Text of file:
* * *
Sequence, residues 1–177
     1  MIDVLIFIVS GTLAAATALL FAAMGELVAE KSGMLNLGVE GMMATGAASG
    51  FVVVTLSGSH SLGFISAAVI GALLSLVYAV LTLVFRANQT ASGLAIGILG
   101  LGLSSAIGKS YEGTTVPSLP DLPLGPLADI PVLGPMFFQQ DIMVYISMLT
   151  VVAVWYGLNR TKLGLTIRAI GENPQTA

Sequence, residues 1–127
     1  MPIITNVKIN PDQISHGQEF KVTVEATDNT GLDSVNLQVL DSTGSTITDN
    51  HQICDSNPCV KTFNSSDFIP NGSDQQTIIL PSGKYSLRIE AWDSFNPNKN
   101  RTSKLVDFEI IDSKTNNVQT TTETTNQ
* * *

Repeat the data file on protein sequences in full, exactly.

Sequence, residues 1–177
     1  MIDVLIFIVS GTLAAATALL FAAMGELVAE KSGMLNLGVE GMMATGAASG
    51  FVVVTLSGSH SLGFISAAVI GALLSLVYAV LTLVFRANQT ASGLAIGILG
   101  LGLSSAIGKS YEGTTVPSLP DLPLGPLADI PVLGPMFFQQ DIMVYISMLT
   151  VVAVWYGLNR TKLGLTIRAI GENPQTA

Sequence, residues 1–127
     1  MPIITNVKIN PDQISHGQEF KVTVEATDNT GLDSVNLQVL DSTGSTITDN
    51  HQICDSNPCV KTFNSSDFIP NGSDQQTIIL PSGKYSLRIE AWDSFNPNKN
   101  RTSKLVDFEI IDSKTNNVQT TTETTNQ